Curated by RSF Research Staff
Direct imaging of the wave function of an hydrogen molecule
The wave function is a mathematical object containing all the measurable information about the particle it describes. Used with the Schrodinger equation, it predicts the behavior of a dynamic system using conservation and Newtonian laws. As a theoretical object, wave function can’t be observed. However, the square of the function representing the probability to find the particle at a particular place is an observable and has recently been directly imaged by a team from Frankfurt in Germany.
The scientists choose to observe the hydrogen molecule, the simplest one, presenting two protons and two electrons. In this configuration, two molecular orbitals are created via the linear combinations of atomic orbitals approximation. The hydrogen molecule has as many molecular orbitals as there are atomic orbitals creating constructive interference between the two waves of the two hydrogen atoms. Thus, the internuclear electron probability density is increased.
Imaging the wave function of electrons give detailed information on the properties of matter. In solid state physics photoionization is used as a powerful tool for single-electron density imaging. Photon-based techniques can be implemented to go from still images to movies. For example, photoion mass spectrometry can fragment molecules over the energy excitation.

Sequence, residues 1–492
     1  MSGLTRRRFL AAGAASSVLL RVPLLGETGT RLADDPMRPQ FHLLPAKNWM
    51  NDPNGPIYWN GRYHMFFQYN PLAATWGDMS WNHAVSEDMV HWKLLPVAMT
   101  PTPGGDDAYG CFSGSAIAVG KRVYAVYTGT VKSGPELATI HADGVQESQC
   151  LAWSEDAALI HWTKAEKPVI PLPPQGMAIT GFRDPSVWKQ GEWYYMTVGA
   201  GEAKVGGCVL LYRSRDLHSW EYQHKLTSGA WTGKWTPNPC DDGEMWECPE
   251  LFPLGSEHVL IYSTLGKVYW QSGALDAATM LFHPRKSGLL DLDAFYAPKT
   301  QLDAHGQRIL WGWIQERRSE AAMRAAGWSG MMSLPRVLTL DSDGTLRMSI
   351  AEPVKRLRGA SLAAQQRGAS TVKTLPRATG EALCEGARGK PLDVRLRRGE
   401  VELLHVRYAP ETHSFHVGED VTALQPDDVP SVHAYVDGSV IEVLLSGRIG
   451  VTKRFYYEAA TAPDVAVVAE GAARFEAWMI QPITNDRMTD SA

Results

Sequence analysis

The wave function is not an observable in quantum physics, so it cannot be observed. Only the square of the wave function is an observable (if you have the tools to do it). This is one of the basic principles of quantum physics. Those who claim that they are able to observe the wave function are not using the proper language because this is not possible: what they do is to reconstruct it from some measured spectra by making some approximations. It can never be a direct observation.
M. Martins from the University of Hamburg, Germany
On the contrary, the reverse process of photoionization, namely high harmonic generation, can be used for orbital imaging such as other technic like electron momentum spectroscopy or strong field tunnel ionization. The novelty of the recent discovery made by the team of M. Martins was to be able to directly observe the wave function of a many-body systems. They succeeded in measuring the correlation between the constituents and the spatial and the momentum distribution of one electron depending on those of the other electrons and the nuclei. They have implemented an imaging scheme which allows to visualize these correlations between electrons. With this technique, they examined the H2 two-electron wave function and showed the dependence of the wave function on the internuclear distance.
Obviously, the natural step to follow is to try a similar method in more complicated molecules," Martín said. "Most likely, the method will work for small molecules, but it is not clear if it will work in very complex molecules. Not because of limitations in the basic idea, but mainly because of experimental limitations, since coincidence experiments in complex molecules are much more difficult to analyze due to the many nuclear degrees of freedom.
Continue reading at: https://phys.org/news/2018-01-physicists-images-square-function-hydrogen.html